Sanchez et al. (2019) analyzed real-world data from the first U.S. commercial users of the Eversense system. The first 205 patients who reached a 90-day wear period were included in the analysis. Of the 205 patients, 129 had type 1 diabetes, 18 hadtype 2 diabetes and 58 were unreported. •Time in range (≥70-180mg/dL) was 62.3% •>180-250mg/dL was 21.9% •>250mg/dL was 11.6% •<54mg/dL was 1.2% •<70mg/dL was 4.1% Nighttime values were similar. The sensor reinsertion rate was 78.5%. The median transmitter wear time was 83.6%. There were no related serious adverse events. The data showed promising glycemic results, sensor accuracy and safety. Further long-term studies are needed to confirm these results and determine the impact on health outcomes.
In a prospective, single-center, single-arm study, Aronson et al. (2019) evaluated the safety and effectiveness of the Eversense XL implantable CGM system through 180days in a primarily adolescent population with type1 diabetes (n=36). Overall MARD was 9.4%. CGM system agreement through 60, 120 and 180days was 82.9%, 83.6% and 83.4%, respectively. Surveillance error grid analysis showed 98.4% of paired values in clinically acceptable error zones A and B. No insertion/removal or device-related serious adverse events were reported. Study limitations include lack of randomization and control, small patient population and short-term follow-up.PRECISION Study
In the prospective, multicenter PRECISION study, Christiansen et al. (2019) further evaluated the accuracy and safety of Eversense among adults with type 1 or type 2 diabetes (n=35) through 90 days. An updated algorithm was also applied to sensor data from the PRECISE II study to evaluate consistency of accuracy results. The system was shown to be accurate overall with a MARD of 9.6%. Eighty-five percent of CGM values were within 15/15% of reference. All sensors were functional through day 90. No device-or procedure-related SAEs occurred. This study corroborated the favorable accuracy and safety profile observed in PRECISE II. The updated algorithm improved accuracy of measurements in PRECISE II.Study limitations include lack of randomization and control, small patient population and short-term follow-up.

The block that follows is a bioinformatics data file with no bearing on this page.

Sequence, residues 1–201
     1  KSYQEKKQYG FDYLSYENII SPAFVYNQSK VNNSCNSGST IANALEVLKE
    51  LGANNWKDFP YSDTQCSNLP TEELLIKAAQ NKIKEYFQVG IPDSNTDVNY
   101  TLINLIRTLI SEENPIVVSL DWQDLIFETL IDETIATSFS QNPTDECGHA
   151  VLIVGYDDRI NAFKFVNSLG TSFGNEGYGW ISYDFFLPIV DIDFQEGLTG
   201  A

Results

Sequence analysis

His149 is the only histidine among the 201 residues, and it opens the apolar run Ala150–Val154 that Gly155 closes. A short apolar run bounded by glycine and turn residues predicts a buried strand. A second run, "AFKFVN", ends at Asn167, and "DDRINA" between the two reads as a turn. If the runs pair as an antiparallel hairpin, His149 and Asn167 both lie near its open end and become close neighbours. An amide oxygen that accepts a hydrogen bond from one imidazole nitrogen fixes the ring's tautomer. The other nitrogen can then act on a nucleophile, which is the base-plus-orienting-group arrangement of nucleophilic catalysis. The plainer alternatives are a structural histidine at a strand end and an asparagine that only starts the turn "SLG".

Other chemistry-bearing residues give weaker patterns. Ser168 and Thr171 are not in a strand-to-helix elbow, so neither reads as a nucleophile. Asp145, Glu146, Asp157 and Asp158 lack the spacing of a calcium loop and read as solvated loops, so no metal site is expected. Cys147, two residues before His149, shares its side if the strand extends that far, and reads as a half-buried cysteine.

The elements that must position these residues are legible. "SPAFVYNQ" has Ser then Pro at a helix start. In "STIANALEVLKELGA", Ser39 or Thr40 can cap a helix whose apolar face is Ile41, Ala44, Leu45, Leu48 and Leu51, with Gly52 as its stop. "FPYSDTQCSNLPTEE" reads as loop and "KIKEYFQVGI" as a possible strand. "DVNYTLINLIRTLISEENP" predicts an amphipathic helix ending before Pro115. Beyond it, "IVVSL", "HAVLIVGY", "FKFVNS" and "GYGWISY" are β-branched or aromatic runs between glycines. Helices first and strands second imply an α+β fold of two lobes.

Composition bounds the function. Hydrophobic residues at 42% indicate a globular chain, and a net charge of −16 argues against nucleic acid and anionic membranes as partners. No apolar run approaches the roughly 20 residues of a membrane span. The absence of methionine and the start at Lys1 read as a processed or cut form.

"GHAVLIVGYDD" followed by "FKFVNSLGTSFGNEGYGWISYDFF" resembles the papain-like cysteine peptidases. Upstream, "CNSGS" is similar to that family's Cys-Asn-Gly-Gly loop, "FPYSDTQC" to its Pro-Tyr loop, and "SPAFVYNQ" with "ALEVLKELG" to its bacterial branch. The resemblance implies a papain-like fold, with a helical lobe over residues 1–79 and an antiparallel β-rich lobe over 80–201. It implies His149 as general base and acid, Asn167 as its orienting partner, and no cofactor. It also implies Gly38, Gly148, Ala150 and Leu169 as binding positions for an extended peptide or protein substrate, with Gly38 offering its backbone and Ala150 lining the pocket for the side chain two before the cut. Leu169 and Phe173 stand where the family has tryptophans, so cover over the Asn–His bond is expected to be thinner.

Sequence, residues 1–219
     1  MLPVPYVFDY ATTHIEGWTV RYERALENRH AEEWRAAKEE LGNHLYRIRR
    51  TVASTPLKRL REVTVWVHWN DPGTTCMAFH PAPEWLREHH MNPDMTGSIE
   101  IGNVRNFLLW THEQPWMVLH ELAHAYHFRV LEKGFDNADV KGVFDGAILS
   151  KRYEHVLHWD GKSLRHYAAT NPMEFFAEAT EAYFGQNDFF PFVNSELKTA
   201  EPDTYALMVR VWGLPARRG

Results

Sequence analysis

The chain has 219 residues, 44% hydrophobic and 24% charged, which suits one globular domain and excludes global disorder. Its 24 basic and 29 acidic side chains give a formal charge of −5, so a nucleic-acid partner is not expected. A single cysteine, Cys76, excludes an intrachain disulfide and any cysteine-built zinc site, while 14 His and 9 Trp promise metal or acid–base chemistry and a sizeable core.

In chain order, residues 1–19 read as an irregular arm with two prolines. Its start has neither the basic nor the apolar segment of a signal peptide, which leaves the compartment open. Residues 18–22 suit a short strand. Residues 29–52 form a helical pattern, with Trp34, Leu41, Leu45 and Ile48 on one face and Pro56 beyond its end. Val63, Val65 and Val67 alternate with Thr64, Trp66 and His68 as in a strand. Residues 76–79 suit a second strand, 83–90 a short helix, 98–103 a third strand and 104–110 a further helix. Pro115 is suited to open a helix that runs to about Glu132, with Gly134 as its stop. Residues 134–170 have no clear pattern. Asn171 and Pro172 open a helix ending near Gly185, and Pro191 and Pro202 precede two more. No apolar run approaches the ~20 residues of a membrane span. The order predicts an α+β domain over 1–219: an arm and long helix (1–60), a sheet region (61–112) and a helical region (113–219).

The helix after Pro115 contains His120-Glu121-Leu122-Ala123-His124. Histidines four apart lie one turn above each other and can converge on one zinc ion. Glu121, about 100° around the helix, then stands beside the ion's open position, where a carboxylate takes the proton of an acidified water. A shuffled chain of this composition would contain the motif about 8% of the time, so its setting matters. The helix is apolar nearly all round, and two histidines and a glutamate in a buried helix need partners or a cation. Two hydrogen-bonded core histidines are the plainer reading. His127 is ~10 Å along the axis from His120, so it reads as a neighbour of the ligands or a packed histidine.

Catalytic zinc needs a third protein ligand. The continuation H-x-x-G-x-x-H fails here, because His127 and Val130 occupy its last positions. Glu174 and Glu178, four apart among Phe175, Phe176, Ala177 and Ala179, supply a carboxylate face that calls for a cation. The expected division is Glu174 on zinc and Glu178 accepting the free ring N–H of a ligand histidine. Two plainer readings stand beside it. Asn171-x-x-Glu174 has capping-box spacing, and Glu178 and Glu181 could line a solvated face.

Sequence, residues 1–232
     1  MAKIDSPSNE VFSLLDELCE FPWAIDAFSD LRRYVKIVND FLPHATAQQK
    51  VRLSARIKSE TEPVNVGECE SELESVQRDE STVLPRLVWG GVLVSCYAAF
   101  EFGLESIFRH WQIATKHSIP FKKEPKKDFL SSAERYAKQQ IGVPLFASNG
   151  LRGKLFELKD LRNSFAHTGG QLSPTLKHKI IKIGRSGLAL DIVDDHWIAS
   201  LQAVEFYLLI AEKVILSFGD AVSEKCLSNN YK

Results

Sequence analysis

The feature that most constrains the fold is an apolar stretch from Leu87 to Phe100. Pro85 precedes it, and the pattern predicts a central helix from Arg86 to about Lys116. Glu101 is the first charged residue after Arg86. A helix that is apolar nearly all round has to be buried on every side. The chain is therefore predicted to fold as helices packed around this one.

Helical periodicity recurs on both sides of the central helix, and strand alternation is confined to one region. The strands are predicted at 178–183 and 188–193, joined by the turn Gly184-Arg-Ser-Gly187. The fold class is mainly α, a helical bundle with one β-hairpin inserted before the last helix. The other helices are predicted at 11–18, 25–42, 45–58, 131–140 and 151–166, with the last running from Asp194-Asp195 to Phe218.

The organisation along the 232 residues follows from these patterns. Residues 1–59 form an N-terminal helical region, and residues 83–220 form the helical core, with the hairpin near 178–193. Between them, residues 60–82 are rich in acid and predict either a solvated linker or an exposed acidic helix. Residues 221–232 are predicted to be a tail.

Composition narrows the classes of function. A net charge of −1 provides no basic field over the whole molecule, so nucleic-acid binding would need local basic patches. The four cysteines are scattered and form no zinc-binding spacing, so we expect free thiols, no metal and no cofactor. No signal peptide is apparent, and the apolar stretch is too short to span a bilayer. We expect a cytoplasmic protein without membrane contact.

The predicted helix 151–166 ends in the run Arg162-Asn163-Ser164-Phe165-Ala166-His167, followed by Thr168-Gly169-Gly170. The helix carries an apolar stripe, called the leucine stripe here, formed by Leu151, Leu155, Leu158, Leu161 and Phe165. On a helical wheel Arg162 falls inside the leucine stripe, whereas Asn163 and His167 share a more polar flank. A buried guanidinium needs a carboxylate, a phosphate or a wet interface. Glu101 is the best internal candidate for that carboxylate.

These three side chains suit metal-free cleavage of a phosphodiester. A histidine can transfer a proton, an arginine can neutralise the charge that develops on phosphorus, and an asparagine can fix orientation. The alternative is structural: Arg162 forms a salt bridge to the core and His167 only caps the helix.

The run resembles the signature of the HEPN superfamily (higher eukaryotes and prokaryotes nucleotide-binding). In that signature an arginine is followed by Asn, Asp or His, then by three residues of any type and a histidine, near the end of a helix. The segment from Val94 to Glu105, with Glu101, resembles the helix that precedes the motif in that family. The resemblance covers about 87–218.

In the prospective, multicenter PRECISE II trial, Christiansen et al. (2018) evaluated the accuracy and safety of the Eversense CGM system in 90 adult participants with type 1 and type 2 diabetes. The updated system included a modified algorithm anda new sensor configuration. The primary efficacy endpoint was the mean absolute relative difference (MARD) between Eversense and reference measurements through 90 days postinsertion for reference glucose values from 40 to 400mg/dL. The primary safety endpoint was the incidence of device-related or sensor insertion/removal procedure-related SAEs through 90 days postinsertion. The system was accurate, with an overall MARD value of 8.8% across the clinically relevant glucose range, with 93% of CGM values within 20% of reference values. The system correctly identified hypoglycemia (<70 mg/dL) 93% of the time and hyperglycemia (>180 mg/dL) 96% of the time.A limited but statistically significant reduction of accuracy occurred in the last month of use. Ninety-one percent of sensors were functional through day 90. One related SAE (1.1%) occurred during the study for removal of a sensor. The authors concluded that the Eversense system provided accurate glucose readings through the intended 90-day sensor life with a favorable safety profile. Study limitations include lack of randomization and short-term follow-up. Long-term surveillance studies are required to ensure that the safety profile remains favorable with multiple sensor placements and removals.